On this gorgeous Tuesday morning, I had really enjoyed my local tour through Oviedo, the historic capital of Asturias, one of Spain’s northern provinces. My expert local guide Liliana Ausín had taken me through the downtown and explained all the important sights to me. On our walk downtown we had run into the festivities of La Balesquida, also called “Martes del Campo” (Tuesday in the Country) and followed a series of musical groups from the cathedral to the Campo de San Francisco Park. I had received an introduction to Asturian bowling (“bolos” — where the balls are thrown through the air), the famous spicy sausage rolls of Asturias and a “carbayon”, Oviedo’s typical almond pastry. The entire town was out celebrating on this special holiday.
The festivities at La Balesquida
In the early afternoon I headed back to my hotel, the Barcelo Oviedo Cervantes Hotel, to meet hotel employee Paula Alvarez who was going to take me on a personal tour through the hotel. This newly constructed five-star property is among the top ranked hotels in the city and was opened in 2007.
The Barcelo Oviedo Cervantes Hotel
The hotel features a variety of accommodations; Deluxe rooms for example, feature two washbasins and a jet shower while Deluxe Executive rooms have a hydro-massage bath with glass walls as well as a work area with a writing desk and a living area with a sofa. Deluxe family rooms are composed of two interconnected rooms which allow separate access to each room. Junior Suites and Suites both feature separate living areas and all rooms are equipped with flat-screen televisions, mini-bars, work desks and a safe.
Hotel room at the Barcelo Oviedo Cervantes Hotel
The décor at the Barcelo Oviedo Cervantes Hotel is based on stylish combinations of browns, beige and orange tones with neutral accents and provides an elegant calm environment. Paula explained that most of the guests currently come from Spanish cities such as Madrid, Barcelona and Bilbao. An increasing number of travelers arrive from other European countries while clients from North America are still relatively few.
The Galatea Bar
We also saw some of the 12 state-of-the art meeting rooms, fully equipped with high-tech audio-visual facilities and high-speed Internet connections, before Paula took me to the main floor that is anchored by the “La Galatea” restaurant which specializes in high quality Asturian cuisine. The main floor Galatea bar welcomes visitors with its lively pink and green lighting and provides a great view out to the street. The Lobby Bar is another comfortable place where guests come to order room service and watch TV. Many of the hotel’s guests like to gather here.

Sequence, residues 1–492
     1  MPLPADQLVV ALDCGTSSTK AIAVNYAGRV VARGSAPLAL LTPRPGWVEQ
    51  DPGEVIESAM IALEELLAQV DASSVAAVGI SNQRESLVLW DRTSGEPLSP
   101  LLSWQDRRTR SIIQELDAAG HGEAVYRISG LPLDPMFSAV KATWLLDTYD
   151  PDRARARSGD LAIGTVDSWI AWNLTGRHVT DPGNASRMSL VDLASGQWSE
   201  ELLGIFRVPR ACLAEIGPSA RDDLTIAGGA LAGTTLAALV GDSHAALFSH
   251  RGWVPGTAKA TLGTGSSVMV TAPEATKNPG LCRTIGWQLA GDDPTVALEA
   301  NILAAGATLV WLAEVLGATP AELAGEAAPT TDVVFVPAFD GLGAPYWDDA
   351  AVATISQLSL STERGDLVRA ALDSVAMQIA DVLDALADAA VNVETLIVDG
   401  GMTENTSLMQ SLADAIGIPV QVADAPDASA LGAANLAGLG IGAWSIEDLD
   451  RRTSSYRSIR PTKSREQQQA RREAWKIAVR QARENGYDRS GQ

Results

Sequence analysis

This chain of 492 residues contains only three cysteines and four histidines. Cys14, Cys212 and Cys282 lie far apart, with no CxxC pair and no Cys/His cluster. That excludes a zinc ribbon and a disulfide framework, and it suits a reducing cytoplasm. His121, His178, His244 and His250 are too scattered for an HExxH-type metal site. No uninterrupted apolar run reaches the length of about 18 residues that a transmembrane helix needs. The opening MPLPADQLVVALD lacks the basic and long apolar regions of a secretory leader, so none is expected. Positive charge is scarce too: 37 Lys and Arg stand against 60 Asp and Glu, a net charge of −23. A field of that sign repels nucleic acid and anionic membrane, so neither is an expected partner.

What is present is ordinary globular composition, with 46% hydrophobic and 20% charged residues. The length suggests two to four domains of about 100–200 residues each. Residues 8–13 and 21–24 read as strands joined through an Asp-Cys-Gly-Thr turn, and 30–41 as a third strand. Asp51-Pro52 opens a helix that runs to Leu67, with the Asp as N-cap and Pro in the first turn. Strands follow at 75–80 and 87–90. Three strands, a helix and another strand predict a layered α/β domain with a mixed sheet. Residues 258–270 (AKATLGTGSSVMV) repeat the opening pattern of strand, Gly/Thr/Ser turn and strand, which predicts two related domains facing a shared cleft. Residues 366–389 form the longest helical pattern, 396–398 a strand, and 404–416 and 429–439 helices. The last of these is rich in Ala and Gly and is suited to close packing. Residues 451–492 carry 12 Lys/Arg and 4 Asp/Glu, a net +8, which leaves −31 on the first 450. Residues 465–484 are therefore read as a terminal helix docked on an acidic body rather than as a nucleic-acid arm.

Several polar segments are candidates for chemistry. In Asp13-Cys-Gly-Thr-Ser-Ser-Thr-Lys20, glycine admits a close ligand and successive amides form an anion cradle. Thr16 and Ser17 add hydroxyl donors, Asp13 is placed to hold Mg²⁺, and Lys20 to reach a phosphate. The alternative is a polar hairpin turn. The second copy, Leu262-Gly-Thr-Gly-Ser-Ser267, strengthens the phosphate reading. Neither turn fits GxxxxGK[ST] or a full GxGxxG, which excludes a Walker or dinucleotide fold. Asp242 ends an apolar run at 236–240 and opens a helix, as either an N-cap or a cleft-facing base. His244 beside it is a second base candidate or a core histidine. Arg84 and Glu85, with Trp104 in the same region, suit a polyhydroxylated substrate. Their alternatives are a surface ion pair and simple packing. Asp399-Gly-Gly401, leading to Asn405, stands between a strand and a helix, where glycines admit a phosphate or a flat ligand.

Cool seating in the Lobby Bar
After my personal tour through the hotel I briefly retreated to my room to recharge my batteries, but unfortunately my transformer shorted out. Considering how much photography and videography I do, it is absolutely vital for me to have a functioning charger for both my laptop and my camera. At 4 pm I was scheduled to meet my expert local tour guide Liliana again, this time in Gijón, the largest city of Asturias which is located about 20 minutes north of Oviedo, right on the Atlantic Ocean. It became a priority for me to find a replacement charger.
The Lobby Bar
The weather had progressively turned worse, and a very dark sky was now looming overhead. I met Liliana at our agreed meeting point and asked her for her help in finding a charger. Unfortunately, sightseeing had to wait for a while until I was able to sort out my technical issues. Liliana was eager to help and first took me to a big El Corte Inglés department store. Unfortunately they did not carry any travel transformers that would be able to convert European current for North American electrical devices.
Stylish bathroom at the Barcelo Oviedo Cervantes Hotel
But Liliana, who is a native of Gijón, really knows the area well and suggested another store, an electronics store by the name if Edimar, where I was able to buy a new functioning charger after all. Thanks to Liliana’s help this saved the day because I would now be able to download all my photos and videos again. This was a huge load off my shoulders and I was able to rededicate myself to exploring Gijón.
Beautiful Asturian architecture
Gijón is Asturias’ largest city and has been settled since early human history and was an important regional city during ancient Roman times. Its centre is built on a small peninsula that juts out into the Atlantic Ocean and the city has grown to a population of over 270,000 people. During the 20th century Gijón became a very industrial city, but following a decline in the steel and shipbuilding industries, the city changed its focus to become a centre of tourism, higher education and services.
The entrance area of the Laboral City of Culture